TU Poetry Professor Dr. Grant Jenkins opened the annual Tulsa Avant-Garde Poetry Reading (an event where TU students and Oklahoma poets presented their work) by promising to play his electric bass in the background throughout the event, noting that he thought poetry readings could get boring.
I think I can guess what he was getting at; if you advertise an event as an “avant-garde” poetry reading, it’s very easy for the performances there to degenerate into self-absorbed and ultimately stuffy pieces that sacrifice all at the altar of appearing edgy.
Yet by the end of the night’s first act, Dr. Jenkins hadn’t gotten a chance to play more than a few licks. Far from pretentious and tedious, the poems performed were emotionally raw and engaging.
Take, for instance, TU junior Leah Suleski’s piece on the contradictions between our culture’s expectations of female beauty and its tendency to blame sexual assault victims for what they were wearing. Through an endlessly clever stream of word associations and garbled cultural references, Suleski delivered an artful and searing indictment.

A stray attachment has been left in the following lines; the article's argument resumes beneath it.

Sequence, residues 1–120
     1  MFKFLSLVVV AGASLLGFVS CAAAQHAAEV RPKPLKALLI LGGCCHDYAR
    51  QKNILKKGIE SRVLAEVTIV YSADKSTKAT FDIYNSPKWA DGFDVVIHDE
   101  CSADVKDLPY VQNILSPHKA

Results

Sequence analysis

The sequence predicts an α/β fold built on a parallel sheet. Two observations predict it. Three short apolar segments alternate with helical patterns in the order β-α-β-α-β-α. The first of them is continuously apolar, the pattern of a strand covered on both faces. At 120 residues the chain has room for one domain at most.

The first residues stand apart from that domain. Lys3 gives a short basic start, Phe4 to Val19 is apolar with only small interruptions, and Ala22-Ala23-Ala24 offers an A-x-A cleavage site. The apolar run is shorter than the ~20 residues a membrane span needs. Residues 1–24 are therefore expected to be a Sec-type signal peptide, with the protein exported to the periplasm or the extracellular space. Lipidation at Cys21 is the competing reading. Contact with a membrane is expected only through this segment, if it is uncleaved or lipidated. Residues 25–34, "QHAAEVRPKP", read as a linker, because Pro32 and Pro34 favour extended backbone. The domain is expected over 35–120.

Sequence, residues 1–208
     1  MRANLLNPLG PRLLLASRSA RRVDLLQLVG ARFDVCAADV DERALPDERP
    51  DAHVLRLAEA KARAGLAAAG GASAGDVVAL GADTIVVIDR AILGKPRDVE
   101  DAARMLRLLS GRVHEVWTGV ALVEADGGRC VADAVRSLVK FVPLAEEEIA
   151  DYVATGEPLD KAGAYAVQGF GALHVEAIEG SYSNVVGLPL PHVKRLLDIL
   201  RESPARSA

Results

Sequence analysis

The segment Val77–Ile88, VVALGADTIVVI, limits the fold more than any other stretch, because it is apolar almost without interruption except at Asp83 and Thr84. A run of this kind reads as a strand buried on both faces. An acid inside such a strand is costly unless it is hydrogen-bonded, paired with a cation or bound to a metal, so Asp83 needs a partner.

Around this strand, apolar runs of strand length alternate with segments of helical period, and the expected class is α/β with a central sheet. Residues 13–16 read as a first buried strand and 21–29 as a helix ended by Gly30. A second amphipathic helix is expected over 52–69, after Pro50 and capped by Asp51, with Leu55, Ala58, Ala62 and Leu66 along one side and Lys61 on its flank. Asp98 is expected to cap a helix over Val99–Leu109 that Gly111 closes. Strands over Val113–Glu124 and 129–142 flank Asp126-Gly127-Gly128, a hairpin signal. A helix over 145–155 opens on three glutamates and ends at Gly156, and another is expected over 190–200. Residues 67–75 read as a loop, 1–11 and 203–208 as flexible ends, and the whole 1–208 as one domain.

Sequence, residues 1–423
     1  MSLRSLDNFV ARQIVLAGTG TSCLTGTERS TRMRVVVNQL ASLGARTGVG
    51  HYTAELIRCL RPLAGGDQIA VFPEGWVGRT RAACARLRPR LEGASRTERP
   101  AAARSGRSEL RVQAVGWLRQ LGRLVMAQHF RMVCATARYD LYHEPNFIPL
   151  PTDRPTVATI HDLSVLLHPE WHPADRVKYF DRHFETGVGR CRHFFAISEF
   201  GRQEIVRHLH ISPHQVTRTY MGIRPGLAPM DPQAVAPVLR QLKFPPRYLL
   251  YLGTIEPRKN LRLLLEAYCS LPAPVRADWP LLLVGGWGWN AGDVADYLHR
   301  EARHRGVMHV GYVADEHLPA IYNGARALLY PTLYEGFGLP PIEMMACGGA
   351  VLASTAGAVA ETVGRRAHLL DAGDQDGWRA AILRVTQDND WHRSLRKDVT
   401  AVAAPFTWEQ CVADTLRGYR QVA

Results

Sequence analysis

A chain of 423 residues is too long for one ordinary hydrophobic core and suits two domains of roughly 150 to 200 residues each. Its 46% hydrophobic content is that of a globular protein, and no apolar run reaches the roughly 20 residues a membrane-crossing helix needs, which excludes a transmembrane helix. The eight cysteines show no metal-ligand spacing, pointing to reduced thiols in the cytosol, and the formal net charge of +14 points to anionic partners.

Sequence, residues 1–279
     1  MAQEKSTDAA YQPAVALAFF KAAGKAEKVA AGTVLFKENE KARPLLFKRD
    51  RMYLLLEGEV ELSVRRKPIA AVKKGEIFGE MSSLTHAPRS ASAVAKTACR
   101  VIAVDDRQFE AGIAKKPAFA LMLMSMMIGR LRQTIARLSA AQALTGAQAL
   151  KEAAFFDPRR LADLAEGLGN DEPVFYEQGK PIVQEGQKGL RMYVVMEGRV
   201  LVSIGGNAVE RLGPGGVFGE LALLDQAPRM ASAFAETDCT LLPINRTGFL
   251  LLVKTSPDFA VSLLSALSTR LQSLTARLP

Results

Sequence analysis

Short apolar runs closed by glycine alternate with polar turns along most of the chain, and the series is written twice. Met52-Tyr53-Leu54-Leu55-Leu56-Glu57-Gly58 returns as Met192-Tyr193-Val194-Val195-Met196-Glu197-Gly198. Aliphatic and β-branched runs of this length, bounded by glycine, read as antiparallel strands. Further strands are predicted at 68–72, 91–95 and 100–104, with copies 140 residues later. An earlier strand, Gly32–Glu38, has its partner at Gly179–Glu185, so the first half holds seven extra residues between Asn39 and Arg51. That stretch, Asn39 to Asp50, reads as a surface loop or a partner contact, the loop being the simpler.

Then there was TU junior Kate Roddy’s coming-of-age poem, where she warned us, among other things, that you just can’t trick yourself into thinking that two twin beds side-by-side form a king bed.
If you’re not sure how you feel about that metaphor, rest assured that it hit me hard when I heard it performed out loud. There are a lot of intangibles at these poetry readings.
Of course, not all was deadly serious, and some of the most experimental pieces were a lot of fun. Tulsa Community College English Professor Sloan Davis performed “Litany,” a poem that invited the audience to respond “Always be writing” to each line.
The poem mixed such disparate elements as exhortations to write even while you’re at the bar with uncomfortable jokes from mass emails in an attempt to catalogue the elements of a society where text messages and emails make the written word increasingly central to daily life.
All told, the Tulsa Avant-Garde Poetry Reading provided a promising look at how loose, primal and ultimately absorbing avant-garde and slam poetry can be.